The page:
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Does An Erroneous Mortgage Statement Violate Consumer Protection Laws?

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The federal Fair Debt Collection Practices Act (FDCPA) and its state counterpart, the Florida Consumer Collection Practices Act (FCCPA) both prohibit creditors from making false, deceptive, or misleading statements “in connection with the collection of a [] debt.” For example, if a creditor sends you a bill falsely claiming that you owe them money, you could sue and possibly collect damages under the FDCPA and FCCPA.

Federal Court: Use of “Debt Collection” Language Can Bring Mortgage Statements Under FDCPA, FCCPA

The U.S. 11th Circuit Court of Appeals recently addressed the question of whether incorrect items on a home mortgage statement could fall within the FDCPA and FCCPA. The case before the Court, Daniels v. Select Portfolio Servicing, Inc., involved a plaintiff who had a mortgage on her Florida home. The plaintiff fell behind on her mortgage payments, and the lender agreed to a modification agreement under which she would make interest-only payments for a period of 10 years. The balance would remain the same during this period.

The plaintiff made her interest-only payments for about a year. The lender then assigned the plaintiff’s loan to Wells Fargo, which refused to accept the interest-only payments and declared the plaintiff in default. Wells Fargo attempted to foreclose on the property, but the plaintiff successfully obtained a court order enforcing the original modification agreement and sanctioning Wells Fargo.

After that litigation concluded, the company responsible for servicing the mortgage–the defendant in this case–sent the plaintiff a monthly statement. The plaintiff alleged this statement “significantly misstated” the principal balance on the mortgage and the amount of her interest-only payment. The statement also said the loan had been delinquent for several months, which the plaintiff said was also false. In fact, several payments had been deferred with the court’s permission during the prior Wells Fargo litigation.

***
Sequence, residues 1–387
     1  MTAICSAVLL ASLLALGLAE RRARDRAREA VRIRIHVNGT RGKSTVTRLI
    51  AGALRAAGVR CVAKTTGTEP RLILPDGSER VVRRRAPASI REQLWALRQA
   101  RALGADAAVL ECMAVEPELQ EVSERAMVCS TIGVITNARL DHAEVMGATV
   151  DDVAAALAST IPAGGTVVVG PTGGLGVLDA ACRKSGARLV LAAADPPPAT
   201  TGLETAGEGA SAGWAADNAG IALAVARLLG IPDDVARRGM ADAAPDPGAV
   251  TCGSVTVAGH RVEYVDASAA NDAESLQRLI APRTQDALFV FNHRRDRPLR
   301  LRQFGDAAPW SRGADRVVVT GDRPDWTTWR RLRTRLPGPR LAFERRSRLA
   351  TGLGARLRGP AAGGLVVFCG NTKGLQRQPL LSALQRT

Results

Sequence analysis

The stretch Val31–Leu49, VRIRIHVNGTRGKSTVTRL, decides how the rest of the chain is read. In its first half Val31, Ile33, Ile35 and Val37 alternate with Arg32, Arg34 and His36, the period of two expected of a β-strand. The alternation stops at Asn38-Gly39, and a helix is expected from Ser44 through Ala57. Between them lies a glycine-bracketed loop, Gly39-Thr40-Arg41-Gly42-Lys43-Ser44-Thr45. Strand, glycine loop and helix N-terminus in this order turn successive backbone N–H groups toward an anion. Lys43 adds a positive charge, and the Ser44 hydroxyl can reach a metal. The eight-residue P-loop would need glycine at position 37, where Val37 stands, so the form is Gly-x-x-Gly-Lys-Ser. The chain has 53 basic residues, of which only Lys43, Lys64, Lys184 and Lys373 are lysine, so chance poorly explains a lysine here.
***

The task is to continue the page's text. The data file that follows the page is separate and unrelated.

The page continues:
The plaintiff subsequently sued the defendant alleging FDCPA and FCCPA violations. A federal judge dismissed the case, holding that the mortgage statements complied with the federal Truth in Lending Act and therefore did not qualify as “communication in connection with collection of a debt” under either the FDCPA or FCCPA.

The 11th Circuit disagreed. It held that when a mortgage statement contains “debt-collection language” that was not “required by the TILA,” as the plaintiff alleged in this case, then a lawsuit under the FDCPA or FCCPA was “plausible.”

Specifically, the challenged mortgage statements expressly stated, “This is an attempt to collect a debt.” Other statements claimed the plaintiff was “late on your mortgage payments” and threatened her with the loss of her home. At no point did the mortgage statement explain the document was for “informational purposes.”

Speak with a Florida Consumer Protection Attorney Today

Mortgage lenders and other creditors are often aggressive in their tactics. That is why you should never hesitate to assert your own rights under the law. If you need advice or representation from a dedicated Sarasota consumer protection lawyer, contact Moran, Sanchy & Associates today to schedule a confidential case evaluation.

Source:

media.ca11.uscourts.gov/opinions/pub/files/201910204.pdf